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Psalm 129

Prayer for the Downfall of Israel’s Enemies

A Song of Ascents.


“Often have they attacked me from my youth”

—let Israel now say—


“often have they attacked me from my youth,

yet they have not prevailed against me.


The plowers plowed on my back;

they made their furrows long.”


The L ord is righteous;

he has cut the cords of the wicked.


May all who hate Zion

be put to shame and turned backward.


Let them be like the grass on the housetops

that withers before it grows up,


with which reapers do not fill their hands

or binders of sheaves their arms,


while those who pass by do not say,

“The blessing of the L ord be upon you!

We bless you in the name of the L ord!”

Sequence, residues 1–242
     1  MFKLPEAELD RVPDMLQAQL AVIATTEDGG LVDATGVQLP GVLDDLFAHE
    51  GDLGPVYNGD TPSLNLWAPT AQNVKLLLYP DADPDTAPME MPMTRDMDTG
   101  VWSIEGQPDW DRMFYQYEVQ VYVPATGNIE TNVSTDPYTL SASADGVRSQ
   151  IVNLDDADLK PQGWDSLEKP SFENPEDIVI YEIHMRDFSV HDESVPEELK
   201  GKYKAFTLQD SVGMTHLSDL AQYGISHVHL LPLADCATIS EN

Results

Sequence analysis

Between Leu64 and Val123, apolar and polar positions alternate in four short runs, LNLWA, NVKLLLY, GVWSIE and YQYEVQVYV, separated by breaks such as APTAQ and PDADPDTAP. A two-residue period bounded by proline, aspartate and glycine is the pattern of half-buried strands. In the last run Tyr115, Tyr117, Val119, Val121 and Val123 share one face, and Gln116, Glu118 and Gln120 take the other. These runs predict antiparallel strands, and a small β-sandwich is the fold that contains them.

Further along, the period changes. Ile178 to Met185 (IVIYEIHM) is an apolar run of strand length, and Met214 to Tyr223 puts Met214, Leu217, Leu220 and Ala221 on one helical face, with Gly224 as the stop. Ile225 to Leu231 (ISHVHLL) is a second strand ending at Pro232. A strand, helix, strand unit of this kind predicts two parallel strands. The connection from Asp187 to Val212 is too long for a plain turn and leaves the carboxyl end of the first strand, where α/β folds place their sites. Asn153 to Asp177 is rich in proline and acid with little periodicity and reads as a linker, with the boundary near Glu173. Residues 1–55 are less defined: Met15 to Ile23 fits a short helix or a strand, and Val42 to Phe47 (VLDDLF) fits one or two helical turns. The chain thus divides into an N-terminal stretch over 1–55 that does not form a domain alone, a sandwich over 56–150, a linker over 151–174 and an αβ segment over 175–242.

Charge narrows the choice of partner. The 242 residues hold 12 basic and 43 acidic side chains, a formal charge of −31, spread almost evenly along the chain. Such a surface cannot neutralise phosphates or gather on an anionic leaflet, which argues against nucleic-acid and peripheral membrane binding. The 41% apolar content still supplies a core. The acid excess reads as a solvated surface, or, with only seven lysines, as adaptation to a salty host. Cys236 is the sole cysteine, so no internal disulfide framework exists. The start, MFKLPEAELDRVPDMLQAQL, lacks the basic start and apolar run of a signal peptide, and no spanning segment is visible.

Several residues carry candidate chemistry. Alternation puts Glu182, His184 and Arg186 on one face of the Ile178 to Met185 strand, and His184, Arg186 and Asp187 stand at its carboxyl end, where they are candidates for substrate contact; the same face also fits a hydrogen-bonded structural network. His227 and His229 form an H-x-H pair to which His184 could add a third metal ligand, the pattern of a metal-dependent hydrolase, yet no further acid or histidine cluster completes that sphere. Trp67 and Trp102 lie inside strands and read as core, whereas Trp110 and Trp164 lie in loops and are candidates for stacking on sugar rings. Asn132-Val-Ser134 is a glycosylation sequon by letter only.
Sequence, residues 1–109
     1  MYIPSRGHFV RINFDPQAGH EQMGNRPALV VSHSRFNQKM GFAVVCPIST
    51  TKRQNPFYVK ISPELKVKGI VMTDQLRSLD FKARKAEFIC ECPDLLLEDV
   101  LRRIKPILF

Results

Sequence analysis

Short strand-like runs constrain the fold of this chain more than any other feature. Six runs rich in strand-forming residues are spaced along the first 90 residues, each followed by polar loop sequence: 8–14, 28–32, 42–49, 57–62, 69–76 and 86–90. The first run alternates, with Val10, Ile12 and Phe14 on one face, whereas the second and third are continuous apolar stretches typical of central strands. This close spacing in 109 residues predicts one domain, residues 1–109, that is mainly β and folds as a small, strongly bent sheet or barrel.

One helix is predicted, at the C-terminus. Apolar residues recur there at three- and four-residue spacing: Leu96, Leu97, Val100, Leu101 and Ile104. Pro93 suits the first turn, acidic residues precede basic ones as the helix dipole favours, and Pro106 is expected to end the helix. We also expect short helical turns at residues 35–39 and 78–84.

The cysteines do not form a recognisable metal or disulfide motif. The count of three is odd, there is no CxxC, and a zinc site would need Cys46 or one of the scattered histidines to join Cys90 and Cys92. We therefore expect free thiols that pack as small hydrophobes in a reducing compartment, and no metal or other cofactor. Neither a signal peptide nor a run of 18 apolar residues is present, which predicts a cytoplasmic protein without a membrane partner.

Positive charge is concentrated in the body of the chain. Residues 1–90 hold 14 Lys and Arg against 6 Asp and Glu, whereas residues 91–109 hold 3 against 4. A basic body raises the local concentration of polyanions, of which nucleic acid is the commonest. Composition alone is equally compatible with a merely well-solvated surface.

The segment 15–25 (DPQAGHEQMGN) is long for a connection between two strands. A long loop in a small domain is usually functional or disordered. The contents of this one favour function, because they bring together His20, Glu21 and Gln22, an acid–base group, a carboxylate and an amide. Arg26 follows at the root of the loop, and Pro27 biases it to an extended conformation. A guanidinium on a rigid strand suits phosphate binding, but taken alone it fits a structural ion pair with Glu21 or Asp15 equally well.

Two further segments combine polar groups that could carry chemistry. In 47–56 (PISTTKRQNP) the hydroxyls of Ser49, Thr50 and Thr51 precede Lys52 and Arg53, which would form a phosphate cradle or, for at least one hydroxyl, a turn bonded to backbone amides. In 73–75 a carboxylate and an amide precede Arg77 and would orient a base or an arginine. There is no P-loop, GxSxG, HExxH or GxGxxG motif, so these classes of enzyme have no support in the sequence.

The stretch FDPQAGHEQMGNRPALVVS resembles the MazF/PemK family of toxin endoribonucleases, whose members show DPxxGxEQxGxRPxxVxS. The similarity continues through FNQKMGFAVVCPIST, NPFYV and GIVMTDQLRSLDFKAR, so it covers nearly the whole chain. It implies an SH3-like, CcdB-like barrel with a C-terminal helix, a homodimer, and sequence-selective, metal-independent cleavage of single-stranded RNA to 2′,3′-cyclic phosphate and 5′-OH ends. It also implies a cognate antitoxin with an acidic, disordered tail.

7 With which the mower hath not filled his hand. 116116     “Whereof the mower hath not filled his hand, etc. — i.e., It is too scanty to afford employment for a labourer to gather it by the hand, or for a reaper, who uses a sickle, depositing what he cuts in the fold of his garment, or as Le Clerc understands it, under his left arm. The Psalmist in effect prays, that the enemies of Israel may be reduced to such poverty, that none could become richer by despoiling them: in a word, that they might be altogether despicable. For binding up the sheaves, Hammond suggests, gathereth the handfuls, with reference to the gleaner, Ruth 2:2 ” — Cresswell. We have here an additional confirmation of the truth, that although the wicked mount high or elevate themselves, and form an extravagant opinion of their own importance, yet they continue mere grass, not bringing forth any good fruit, nor reaching a state of ripeness, but swelling only with fresh appearance. To make this obvious, the Psalmist sets them in opposition to fruit-bearing herbs, which in valleys and low grounds produce fruit for men. In fine, he affirms that they deserve to be hated or despised of all, whereas commonly every one in passing by the corn fields blesses them and prays for the harvest? 117117     “Au lieu que chacun communement en passant par les bleds les benit, et prie pour la moisson.” — Fr. Farther, he has borrowed this illustration of his doctrine from the affairs of ordinary life, we are taught that whenever there is a hopeful prospect of a good harvest, we ought to beseech God, whose peculiar province it is to impart fertility to the earth, that he would give full effect to his blessing. And considering that the fruits of the earth are exposed to so many hazards, it is certainly strange that we are not stirred ‘up to engage in the exercise of prayer from the absolute necessity of these to man and beast. Nor does the Psalmist, in speaking of passers by blessing the reapers, speak exclusively of rite children of God, who are truly taught by his word that the fruitfulness of the earth is owing to his goodness; but he also comprehends worldly men in whom the same knowledge is implanted naturally. In conclusion, provided we not only dwell in the Church of the Lord, but also labor to have place among the number of her genuine citizens, we will be able fearlessly to despise all fire might of our enemies; for although they may flourish and have a great outward show for a time, yet they are but barren grass, on which the curse of heaven rests.

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